While a RCT lowers the risk of bias in participants, this study was conducted as a single blind experiment, rather than a double blind, so patients were still aware of which experimental group they were a part of, this may have influenced some bias in a number of patients.
Being an exercise study, the participants were aware if they were in the exercise group or the control group. Perhaps a way to combat this in future is to have participants record how much exercise they are regularly doing prior to surgery and have the control group almost complete an exercise program that is in line with the average amount of exercise done in participants prior to surgery.
The study also relied on patient to self-report data, it is well known that self-reported data is often inaccurate, especially in the case of exercise where individuals often over report the amount of exercise they have been partaking in.
The baseline measurements of all participants showed no statistical difference between the data sets of those in the intervention ‘exercise’ group, and those in the control group.
At the 14-week assessment both groups showed an increase in the average distance walked in a six-minute period. At the one-year assessment the intervention group surpassed the control group in their average walking distance in six minutes.
Other tests that were conducted showed no statistical relevance, with values increasing or decreasing minutely from the baseline measurement.
The study displayed that those who completed the exercise program gained endurance as displayed by the six-minute walking test, whereas the control group showed an increase to a much lower extent, however all other areas of exercise testing saw little to no increase in either group.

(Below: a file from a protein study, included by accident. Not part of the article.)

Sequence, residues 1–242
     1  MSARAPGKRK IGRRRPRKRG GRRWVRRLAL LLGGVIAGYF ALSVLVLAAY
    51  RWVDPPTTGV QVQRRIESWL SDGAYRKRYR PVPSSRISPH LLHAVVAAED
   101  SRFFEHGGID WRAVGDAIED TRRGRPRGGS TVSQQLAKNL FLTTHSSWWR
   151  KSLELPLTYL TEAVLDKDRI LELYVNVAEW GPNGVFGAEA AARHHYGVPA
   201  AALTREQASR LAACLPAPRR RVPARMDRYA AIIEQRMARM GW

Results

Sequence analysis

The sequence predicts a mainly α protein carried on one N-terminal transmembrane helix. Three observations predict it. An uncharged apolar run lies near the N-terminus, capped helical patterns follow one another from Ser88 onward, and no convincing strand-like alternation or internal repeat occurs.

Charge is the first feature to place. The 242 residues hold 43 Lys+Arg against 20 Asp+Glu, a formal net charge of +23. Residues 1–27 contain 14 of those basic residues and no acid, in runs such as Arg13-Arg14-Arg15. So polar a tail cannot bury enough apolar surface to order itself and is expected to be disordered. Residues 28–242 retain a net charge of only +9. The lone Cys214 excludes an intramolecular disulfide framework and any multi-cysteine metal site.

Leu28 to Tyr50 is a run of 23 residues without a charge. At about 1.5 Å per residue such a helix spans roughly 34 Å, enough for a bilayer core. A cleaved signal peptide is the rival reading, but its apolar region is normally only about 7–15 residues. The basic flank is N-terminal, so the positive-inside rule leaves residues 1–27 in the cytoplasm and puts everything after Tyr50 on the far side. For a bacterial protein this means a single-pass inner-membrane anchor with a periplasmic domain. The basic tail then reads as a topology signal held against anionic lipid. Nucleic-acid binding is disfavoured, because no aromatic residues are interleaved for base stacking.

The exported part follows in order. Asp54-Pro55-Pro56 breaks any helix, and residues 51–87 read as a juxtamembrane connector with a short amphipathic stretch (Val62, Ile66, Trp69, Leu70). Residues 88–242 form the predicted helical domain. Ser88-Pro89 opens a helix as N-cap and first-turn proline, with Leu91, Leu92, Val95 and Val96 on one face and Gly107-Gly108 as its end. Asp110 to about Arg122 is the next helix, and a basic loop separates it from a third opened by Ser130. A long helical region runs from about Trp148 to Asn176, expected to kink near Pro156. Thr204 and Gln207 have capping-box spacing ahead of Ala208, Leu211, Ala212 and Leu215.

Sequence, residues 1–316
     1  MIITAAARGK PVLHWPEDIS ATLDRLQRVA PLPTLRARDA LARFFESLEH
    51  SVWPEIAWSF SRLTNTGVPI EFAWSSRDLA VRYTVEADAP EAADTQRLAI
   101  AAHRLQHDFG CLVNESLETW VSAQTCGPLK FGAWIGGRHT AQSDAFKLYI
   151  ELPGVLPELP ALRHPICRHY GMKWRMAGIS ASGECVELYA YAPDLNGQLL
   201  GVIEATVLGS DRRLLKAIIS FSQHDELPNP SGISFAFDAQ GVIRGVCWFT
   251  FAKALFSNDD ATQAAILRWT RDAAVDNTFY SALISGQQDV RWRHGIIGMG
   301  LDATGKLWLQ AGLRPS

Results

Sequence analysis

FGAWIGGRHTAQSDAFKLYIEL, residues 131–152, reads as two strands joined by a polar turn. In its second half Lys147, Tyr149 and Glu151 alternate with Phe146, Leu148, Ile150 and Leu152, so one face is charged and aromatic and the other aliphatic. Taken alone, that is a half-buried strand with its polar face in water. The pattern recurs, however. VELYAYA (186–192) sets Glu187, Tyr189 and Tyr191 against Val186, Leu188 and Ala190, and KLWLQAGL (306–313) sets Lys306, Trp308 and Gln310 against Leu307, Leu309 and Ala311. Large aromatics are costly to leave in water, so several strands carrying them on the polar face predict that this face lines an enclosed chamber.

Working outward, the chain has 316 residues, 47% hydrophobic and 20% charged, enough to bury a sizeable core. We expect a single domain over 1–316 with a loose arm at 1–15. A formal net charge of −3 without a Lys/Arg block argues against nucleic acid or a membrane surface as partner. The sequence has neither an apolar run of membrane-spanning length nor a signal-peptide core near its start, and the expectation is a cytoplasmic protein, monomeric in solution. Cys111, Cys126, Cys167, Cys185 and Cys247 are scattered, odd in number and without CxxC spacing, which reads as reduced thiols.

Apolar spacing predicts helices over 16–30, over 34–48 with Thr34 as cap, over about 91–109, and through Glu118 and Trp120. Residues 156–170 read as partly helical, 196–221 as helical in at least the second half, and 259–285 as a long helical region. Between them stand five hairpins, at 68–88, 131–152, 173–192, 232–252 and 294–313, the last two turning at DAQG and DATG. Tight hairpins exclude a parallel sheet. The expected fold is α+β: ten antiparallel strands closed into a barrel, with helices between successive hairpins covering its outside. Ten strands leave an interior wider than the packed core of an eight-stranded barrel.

The small sample size does however render the study inconclusive, especially considering the number of patients who deceased not only prior to the study starting, but after the study had started, where four participants died prior to the 14th week measurement and one more within a year post surgery, as well another 3 who dropped out of the study for other reasons, leaving the intervention group with only 4 participants, and the control with 6.
For the results to be viable, the trial would need to be conducted again with a much larger participant base as well as having some of the previously mentioned limitations addressed.
- Porserud A, Sherif A, Tollback A. The effects of a physical exercise programme after radical cystectomy for urinary bladder cancer. A pilot randomized controlled trial. Clinical Rehabilitation. 2013 Nov 18;28(5):451–9.
- Roychowdhury DF, Hayden A and Liepa AM. Health- related quality-of-life parameters as independent prognos- tic factors in advanced or metastatic bladder cancer. J Clin Oncol 2003; 21: 673–678.
- Stein JP, Lieskovsky G, Cote R, et al. Radical cystec- tomy in the treatment of invasive bladder cancer: long- term results in 1,054 patients. J Clin Oncol 2001; 19: 666–675.